45° and clear this morning. Back up to the local ski mountain today for a nice hike and some silky turns. It's a funny phenomenon, but by heading up high on a regular basis I feel like I'm experiencing more of spring this year. See, we didn't really have spring this year – it was more like winter going straight to summer – but up high, it's happening. The snow is slowly, but definitely melting off. The little flowers are beginning to bloom up there. The creeks are rising. I don't manage to go every single day but I do go often enough that the subtle changes each day are evident. Change: that word defines spring for me. Everyday the trees get a little greener, the snowfields a little smaller.
I do a lot of thinking on spring skis where I start off with the skis on my back and a pair of light hikers on my feet. Something about walking energizes the brain in ways cycling or even just straight skinning don't. While obviously December-March are the peak seasons for actually making turns, it's right now when the mind is most active regarding this activity. I have all sorts of projects and ideas bouncing around. Some are very personal goals for the 2011-2012 season itself – things I'd like to improve on, places I'd like to go, projects I'd like to complete to enhance this sport in an artistic manner.
It's not really too early at all. For example, if you plan to make a ski film next year and want to have a seasonal transition time lapse camera somewhere, well, you'd better get it up soon. If you're planning on making skis, this would be the perfect time to get that press done and dab with some general design ideas and work out the kinks in the system. And with general fitness – well, we're a couple weeks away from the mandatory four days in the weight room to build power and strength for work down the line. It's funny, because while June 13 seems incredibly far from the next ski season, if you are actually looking to make something cool next year, this is the time to prepare. By the time October rolls around, it's almost too late – by the time it's December, it really is.
It's been so much fun really diving into backcountry skiing these past six or seven years. To completely embrace a sport that was really my passion growing up, but thanks to modern technology (bindings, lighter skis, boots, etc) have it become the perfect activity for me. Downhill skiing is fun enough, but I love the workout from nordic. But then, I like getting up into the high peaks and nordic gear isn't that well suited to that. Mountain biking is great, but I like snow over dirt, cold over heat, and I have no qualms that backcountry skiing tends to shorten my mountain biking season a lot from half-a-decade ago. Having an amazing wife who is a damned good skier with a new stoke for the sport only inspires me more.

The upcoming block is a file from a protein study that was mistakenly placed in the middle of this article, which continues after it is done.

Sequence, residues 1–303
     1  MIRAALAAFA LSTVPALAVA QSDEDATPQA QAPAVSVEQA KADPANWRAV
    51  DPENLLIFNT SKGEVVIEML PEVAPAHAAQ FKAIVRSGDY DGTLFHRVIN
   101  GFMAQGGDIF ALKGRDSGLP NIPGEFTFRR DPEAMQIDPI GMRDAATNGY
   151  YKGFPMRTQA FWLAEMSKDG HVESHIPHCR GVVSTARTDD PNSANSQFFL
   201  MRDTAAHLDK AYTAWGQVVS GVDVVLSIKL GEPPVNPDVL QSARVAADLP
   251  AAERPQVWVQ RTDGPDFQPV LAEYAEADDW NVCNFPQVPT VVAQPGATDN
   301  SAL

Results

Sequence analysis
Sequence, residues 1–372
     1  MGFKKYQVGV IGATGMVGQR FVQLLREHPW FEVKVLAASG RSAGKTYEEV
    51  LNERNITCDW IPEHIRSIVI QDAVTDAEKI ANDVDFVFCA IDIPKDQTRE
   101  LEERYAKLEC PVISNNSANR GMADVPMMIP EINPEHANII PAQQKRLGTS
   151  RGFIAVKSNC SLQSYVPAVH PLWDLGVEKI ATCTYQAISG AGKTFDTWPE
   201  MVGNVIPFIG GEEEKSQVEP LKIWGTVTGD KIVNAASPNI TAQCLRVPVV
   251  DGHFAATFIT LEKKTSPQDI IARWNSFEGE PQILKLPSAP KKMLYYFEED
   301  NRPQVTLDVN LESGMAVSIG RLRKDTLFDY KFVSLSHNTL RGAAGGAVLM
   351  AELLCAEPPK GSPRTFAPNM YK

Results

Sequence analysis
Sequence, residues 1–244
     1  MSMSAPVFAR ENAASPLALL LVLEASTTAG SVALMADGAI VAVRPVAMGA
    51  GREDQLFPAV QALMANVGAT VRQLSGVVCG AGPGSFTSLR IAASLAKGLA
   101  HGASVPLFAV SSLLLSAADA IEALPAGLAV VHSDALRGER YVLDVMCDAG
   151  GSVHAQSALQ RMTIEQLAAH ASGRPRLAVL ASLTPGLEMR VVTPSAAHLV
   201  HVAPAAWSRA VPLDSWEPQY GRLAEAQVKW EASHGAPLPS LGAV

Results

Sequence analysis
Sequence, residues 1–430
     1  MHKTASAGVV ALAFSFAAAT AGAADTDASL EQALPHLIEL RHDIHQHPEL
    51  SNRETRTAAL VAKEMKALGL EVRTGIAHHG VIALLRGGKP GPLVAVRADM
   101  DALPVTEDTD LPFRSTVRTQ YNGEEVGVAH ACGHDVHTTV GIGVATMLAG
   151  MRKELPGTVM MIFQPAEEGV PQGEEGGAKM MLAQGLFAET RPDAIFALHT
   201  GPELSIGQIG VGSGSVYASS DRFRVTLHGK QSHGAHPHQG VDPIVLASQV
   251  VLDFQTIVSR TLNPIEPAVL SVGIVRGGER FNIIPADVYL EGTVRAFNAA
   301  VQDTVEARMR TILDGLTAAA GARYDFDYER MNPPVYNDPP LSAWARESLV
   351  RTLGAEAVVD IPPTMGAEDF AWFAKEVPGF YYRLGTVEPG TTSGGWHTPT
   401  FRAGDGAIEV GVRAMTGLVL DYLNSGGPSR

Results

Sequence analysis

Off season? Well, I suppose in that we're not skiing a foot of powder before breakfast, yeah. But in the head, in the dreams, in the plans for the future, it feels more on than ever.
P.S. – as an aside, I learned today that the mountain profile that I have looked at from Nederland everyday otherwise known as the "pregnant lady" is not Mount Audobon (the belly) Mount Toll and Shoshone, but indead are Kiowa and Albion (two peaks, not one that make up the belly), Navajo and Arikaree. These mountains are in the city of Boulder watershed and are not accessible to the public. It's funny, because I see these peaks literally everyday and obviously have a major passion for the mountains and exploration. Just goes to show you adventure and the unknown can be found very close to home.
Spring skiing doesn't need to be an all day affair, nor does it require ridiculous start times. I can get a couple laps on Bald in and be at the top 50 minutes after leaving my home, waking up at 6:30 am or so, and getting to work with ease. That even allows some quality time enjoying tea and the bird feeders with my wife.
Altitude dictates the seasons here. Three months ago, these were budding at 7,000 feet. Today, they've reached 10,000. As a skier, you experience spring for six months or so, chasing the snow as it creeps higher and higher.